Gertrude Simmons Bonnin (1875-1938)

Zitkala-sa, "Red Bird,"a Yankton Sioux reformer and writer was one of a number of White-educated Indians who fought to obtain fairer treatment for her people by the federal government. She was born on February 22, 1875, the daughter of John Haysting Simmons and Ellen Tate'Iyohiwin, "Reaches for the Wind." Educated on the reservation until the age of 8, she was sent to White's Institute, a Quaker school in Wabash, Indiana. At the age of 19, against her family's wishes, she enrolled at Earlham College, in Richmond, where she won an oratorical contest, then graduated to become a teacher at the Carlisle Indian School in Pennsylvania.

She wanted to become a professional writer but was also interested in music. In following this latter interest, she studied at the Boston Conservatory and went to Paris in 1900 as a chaperone and leader with the Carlisle Band. She became an excellent violinist and enjoyed playing the instrument as a hobby. She also composed an Indian opera based upon the Plains Sun Dance. Harper's published tow of her stories at the turn of the century, and three of her autobiographical essays appeared in the Atlantic Monthly. In 1901, her first book, Old Indian Legends, appeared and received a cordial reception.

By this time, Zitkala-sa was back on the reservation, where in 1902 she married a Sioux employee of the U.S. Indian Service, Raymond T. Bonnin; they had one male child. That same year the couple moved to the Uintah and Ouray Reservation in Utah, where they lived for the next 14 years, and where she worked as a teacher for the Indian Service. In 1911 she became active in the Society of American Indians, an organization of educated Native Americans dedicated to the improvement of the conditions of their people. The group was basically interested in the integration and assimilation of the Indian, favoring equal rights for all people, and strongly opposed to the continuance of the Bureau of Indian Affairs.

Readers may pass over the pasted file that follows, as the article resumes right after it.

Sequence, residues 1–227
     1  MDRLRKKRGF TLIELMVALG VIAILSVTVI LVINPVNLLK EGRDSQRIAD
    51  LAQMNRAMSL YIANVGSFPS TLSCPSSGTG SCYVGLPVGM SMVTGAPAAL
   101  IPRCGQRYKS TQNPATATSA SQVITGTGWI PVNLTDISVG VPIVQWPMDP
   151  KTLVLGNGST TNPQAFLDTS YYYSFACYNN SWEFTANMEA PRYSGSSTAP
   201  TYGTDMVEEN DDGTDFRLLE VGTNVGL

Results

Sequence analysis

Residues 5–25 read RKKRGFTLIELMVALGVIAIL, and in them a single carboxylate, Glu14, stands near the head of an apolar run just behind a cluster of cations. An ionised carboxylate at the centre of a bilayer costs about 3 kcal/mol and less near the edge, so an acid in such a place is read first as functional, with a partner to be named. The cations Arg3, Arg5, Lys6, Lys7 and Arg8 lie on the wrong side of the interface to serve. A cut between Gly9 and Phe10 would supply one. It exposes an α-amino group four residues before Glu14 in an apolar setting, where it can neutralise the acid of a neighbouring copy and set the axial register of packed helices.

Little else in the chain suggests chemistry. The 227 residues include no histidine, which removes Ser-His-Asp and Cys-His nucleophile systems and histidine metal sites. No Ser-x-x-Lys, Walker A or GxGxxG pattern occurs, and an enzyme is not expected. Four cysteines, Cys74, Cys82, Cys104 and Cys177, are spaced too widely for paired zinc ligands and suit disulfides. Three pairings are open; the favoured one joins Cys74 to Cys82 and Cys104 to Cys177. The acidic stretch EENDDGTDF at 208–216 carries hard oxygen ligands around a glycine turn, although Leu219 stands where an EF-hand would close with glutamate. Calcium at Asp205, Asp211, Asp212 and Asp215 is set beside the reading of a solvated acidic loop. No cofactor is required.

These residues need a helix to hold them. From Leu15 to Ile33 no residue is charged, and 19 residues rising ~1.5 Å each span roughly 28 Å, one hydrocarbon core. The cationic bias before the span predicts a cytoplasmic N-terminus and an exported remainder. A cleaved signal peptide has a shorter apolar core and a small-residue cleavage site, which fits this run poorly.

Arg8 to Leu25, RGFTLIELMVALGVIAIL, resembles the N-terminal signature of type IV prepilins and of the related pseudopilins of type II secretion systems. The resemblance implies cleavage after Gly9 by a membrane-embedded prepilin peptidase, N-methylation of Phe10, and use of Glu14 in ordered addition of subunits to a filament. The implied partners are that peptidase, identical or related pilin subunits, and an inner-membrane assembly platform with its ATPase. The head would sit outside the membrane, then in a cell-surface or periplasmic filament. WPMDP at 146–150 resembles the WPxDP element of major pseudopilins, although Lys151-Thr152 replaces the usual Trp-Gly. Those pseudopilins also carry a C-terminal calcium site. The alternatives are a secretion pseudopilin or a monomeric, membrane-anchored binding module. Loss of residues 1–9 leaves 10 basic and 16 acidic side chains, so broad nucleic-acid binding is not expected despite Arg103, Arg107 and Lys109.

In 1916, when she was the society's secretary, the Bonnins moved to Washington, D.C. She lobbied for her people among the vari0us officials in the Capitol, and also helped persuade the General Federation of Women's Clubs to take an active interest in Indian welfare. Roberta Campbell Lawson, a part-Delaware woman from Oklahoma was also prominent in the club's hierarchy at this time, and the two women worked together closely.

Under pressure from the Women's Clubs and others, the federal government agreed to the appointment of a commission to investigate the Indian situation. In 1928, this group, of which Gertrude Bonnin was an advisor, turned in its noted Report, under the supervision of Lewis Meriam. The following year President Hoover appointed two Indian Rights Association leaders to head the Bureau of Indian Affairs, and President Franklin Roosevelt's New Deal Administration took even more significant steps to reform United States Indian policy.

In 1926, Zitkala-sa founded the Council of American Indians, and continued to work tirelessly for the rights and welfare of Indians until her death in Washington January 25, 1938 at the age of 61. She was buried in Arlington Cemetery.


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